A recent JAMA Network Open study discusses changes in the frequency of cannabis use and its consequences in a sample of high-risk young adults in Canada.
Study: Cannabis Use Frequency and Cannabis-Related Consequences in High-Risk Young Adults Across Cannabis Legalization. Image Credit: Canna Obscura / Shutterstock.com
The legalization of recreational cannabis use leads to an increase in the frequency of its use and several adverse consequences, especially among young adults between 18 and 29 years of age. These young adults are particularly vulnerable, as the consumption of cannabis and alcohol often co-occurs, which leads to further adverse consequences. Despite this, few studies have analyzed patterns of cannabis use in this population.
Several American studies that analyzed the impacts of legalization on young adults presented mixed results. Although some studies documented that following legalization, the frequency of cannabis use increased, most studies have not reported a statistically significant increase.
Although young adults consume more cannabis than other age groups, there remains a lack of research on this population. This is particularly true for longitudinal studies investigating legalization's various impacts.
Longitudinal data aid in estimating rates of change in cannabis use, characterization of within-person changes, and identifying factors influencing cannabis use, such as income or sex.
About the study
The current study addresses these research gaps by longitudinally studying a cohort of young adults with a history of substance use pre-legalization. The primary aim was to explore the relationship between cannabis legalization, frequency of cannabis use, and adverse consequences. The secondary aim was to examine factors influencing cannabis use, such as sex, education, income, and the frequency of use pre-legalization.
The cohort comprised young adults in Ontario, Canada, between 19.5 and 23 years of age. About 65% of the study participants reported cannabis use in the previous month and regular heavy episodic drinking at enrollment.
Between February 2017 and February 2020, study participants were surveyed every four months. This provided researchers with three pre-legalization and four post-legalization waves.
The study sample consisted of 619 participants, with the mean and standard deviation of age being 21 and 1.2 years, respectively. About 56% of participants were female, and 53% had a bachelor's degree at the most recent time point. Among 33% of participants, occasional cannabis use was the most common pre-legalization.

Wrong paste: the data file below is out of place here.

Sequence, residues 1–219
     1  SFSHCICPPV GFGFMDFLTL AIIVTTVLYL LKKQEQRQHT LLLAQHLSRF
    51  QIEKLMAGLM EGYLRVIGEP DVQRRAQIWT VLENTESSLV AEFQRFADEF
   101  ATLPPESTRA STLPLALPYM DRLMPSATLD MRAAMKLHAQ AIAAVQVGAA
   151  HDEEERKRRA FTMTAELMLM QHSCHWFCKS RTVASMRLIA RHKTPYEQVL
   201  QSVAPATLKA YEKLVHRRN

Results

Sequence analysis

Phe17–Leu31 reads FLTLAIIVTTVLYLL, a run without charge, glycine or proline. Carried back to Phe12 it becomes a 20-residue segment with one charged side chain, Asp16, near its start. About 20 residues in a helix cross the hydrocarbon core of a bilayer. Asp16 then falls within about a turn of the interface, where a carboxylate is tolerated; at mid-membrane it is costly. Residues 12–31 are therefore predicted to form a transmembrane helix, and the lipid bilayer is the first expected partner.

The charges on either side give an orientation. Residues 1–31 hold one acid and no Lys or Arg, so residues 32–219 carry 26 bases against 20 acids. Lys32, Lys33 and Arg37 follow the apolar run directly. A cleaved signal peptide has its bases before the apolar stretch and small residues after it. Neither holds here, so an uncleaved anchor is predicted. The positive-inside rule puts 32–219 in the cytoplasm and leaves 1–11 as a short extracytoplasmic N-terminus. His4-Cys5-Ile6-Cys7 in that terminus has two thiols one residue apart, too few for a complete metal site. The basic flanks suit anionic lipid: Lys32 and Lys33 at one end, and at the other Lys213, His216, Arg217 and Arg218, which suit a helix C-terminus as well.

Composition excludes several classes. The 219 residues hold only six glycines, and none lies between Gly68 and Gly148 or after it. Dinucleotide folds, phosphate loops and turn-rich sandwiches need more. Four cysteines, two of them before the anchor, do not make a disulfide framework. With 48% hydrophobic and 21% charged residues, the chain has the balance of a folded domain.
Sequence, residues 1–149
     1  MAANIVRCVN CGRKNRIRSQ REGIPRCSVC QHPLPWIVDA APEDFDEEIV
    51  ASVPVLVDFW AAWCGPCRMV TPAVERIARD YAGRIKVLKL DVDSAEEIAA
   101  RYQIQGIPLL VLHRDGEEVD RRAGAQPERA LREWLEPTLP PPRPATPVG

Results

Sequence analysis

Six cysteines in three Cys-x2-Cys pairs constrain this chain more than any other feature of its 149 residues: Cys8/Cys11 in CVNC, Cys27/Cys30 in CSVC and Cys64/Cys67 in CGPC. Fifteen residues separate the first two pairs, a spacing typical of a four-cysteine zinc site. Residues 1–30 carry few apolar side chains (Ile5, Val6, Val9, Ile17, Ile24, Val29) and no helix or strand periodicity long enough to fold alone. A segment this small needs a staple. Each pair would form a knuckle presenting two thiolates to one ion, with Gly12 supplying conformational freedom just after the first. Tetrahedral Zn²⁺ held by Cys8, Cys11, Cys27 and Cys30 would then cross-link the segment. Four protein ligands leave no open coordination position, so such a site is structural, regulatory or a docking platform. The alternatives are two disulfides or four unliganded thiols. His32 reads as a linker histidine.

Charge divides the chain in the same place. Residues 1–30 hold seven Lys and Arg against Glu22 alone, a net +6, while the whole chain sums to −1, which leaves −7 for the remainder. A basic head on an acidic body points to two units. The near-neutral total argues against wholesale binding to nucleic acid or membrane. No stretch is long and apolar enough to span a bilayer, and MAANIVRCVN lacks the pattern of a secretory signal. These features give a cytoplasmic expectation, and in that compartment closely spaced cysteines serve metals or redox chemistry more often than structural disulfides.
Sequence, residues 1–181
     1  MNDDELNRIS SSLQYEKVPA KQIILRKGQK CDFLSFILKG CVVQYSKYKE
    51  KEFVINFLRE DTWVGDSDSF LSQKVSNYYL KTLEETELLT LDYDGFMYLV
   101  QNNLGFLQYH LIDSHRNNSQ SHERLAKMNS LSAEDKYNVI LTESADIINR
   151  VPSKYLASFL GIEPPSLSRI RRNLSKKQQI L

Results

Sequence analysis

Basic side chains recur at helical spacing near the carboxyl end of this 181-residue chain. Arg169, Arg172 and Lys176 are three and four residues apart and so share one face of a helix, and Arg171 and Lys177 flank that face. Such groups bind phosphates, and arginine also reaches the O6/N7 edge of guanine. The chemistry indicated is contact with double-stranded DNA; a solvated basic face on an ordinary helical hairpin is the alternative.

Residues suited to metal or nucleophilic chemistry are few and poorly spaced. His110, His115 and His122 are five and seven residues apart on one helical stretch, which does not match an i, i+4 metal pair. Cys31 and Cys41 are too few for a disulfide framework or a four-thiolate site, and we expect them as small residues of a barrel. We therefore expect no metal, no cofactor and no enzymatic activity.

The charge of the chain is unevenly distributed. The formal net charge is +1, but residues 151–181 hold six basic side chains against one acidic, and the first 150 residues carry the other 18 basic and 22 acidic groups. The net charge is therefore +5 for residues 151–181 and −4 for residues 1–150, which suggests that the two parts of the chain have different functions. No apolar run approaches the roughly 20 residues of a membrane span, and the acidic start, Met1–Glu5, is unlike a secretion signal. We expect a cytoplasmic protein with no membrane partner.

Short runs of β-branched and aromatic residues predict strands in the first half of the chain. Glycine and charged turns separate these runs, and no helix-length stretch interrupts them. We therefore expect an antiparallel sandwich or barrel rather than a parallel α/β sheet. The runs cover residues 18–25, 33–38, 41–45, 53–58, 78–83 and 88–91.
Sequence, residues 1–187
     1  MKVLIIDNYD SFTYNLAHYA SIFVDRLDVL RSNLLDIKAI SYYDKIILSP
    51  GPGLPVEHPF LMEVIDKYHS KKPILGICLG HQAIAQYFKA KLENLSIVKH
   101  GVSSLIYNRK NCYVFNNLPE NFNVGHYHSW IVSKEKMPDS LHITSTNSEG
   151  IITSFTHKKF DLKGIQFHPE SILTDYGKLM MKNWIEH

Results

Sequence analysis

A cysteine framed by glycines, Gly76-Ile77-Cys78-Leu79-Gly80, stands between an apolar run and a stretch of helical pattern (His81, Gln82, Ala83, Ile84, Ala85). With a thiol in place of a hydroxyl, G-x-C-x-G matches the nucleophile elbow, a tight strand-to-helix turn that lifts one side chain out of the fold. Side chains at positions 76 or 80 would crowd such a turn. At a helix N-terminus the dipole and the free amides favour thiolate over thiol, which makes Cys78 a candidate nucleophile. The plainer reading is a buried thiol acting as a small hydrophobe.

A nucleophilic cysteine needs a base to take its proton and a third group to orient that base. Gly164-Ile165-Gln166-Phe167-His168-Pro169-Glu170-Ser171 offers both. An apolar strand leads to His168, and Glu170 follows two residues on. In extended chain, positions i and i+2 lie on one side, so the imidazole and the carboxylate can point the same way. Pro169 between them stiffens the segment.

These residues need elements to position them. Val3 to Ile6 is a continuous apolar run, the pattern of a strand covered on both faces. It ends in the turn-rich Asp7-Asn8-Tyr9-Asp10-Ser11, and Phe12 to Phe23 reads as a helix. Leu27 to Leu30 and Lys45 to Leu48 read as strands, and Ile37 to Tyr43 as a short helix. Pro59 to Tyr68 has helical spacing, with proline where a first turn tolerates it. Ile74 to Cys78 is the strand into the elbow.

Overall, a decrease in cannabis use was observed, which is consistent with substance use patterns in this age group in the absence of any policy change. The observed changes were not significantly affected by cannabis legalization.
Most frequent cannabis users in the pre-legalization period were associated with a significant decline in its use post-legalization. Consequently, a marked reduction in cannabis-related adverse consequences was also reported.
Comparatively, non-users in the recent period of pre-legalization increased their use over time. However, this group was not associated with an increased risk of adverse consequences.
Importantly, complete non-users in the pre-legalization period were associated with no significant increases in consequences or use post-legalization. Since an increase in use was observed for a sub-group and no marked reduction was noted, the determinants of cannabis use in young adults must be further studied.
Strengths and limitations
The current study is the first longitudinal analysis of the impact of Canadian cannabis legalization on young adults that included multiple pre- and post-legalization time points. Due to these unique features, the study design is well-suited to be applied in other jurisdictions, as legalization policies could vary across regions.
The current study did not consider the general population and only included those who used cannabis pre-legalization. Arguably, these individuals are of most interest; however, the study findings do not apply to the general population, as legalization may have altered patterns of cannabis use and consequences in groups not included in this study sample. A fundamental limitation was the lack of a control group to study the effects of legalization in a natural experiment setting.
Frequent cannabis users in the pre-legalization period reduced use post-legalization and, as a result, were associated with fewer cannabis-related adverse consequences. This finding is consistent with the well-documented aging-out patterns of substance use.
Comparatively, individuals not using cannabis in the pre-legalization period reported a modest but significant increase in use over time. Given these patterns, more longitudinal studies are needed to analyze the effects of cannabis legalization further and devise evidence-based public policies.
- Doggett, A., Belisario, K., McDonald, A. J., et al. (2023) Cannabis Use Frequency and Cannabis-Related Consequences in High-Risk Young Adults Across Cannabis Legalization. JAMA Network Open 6(9). doi:10.1001/jamanetworkopen.2023.36035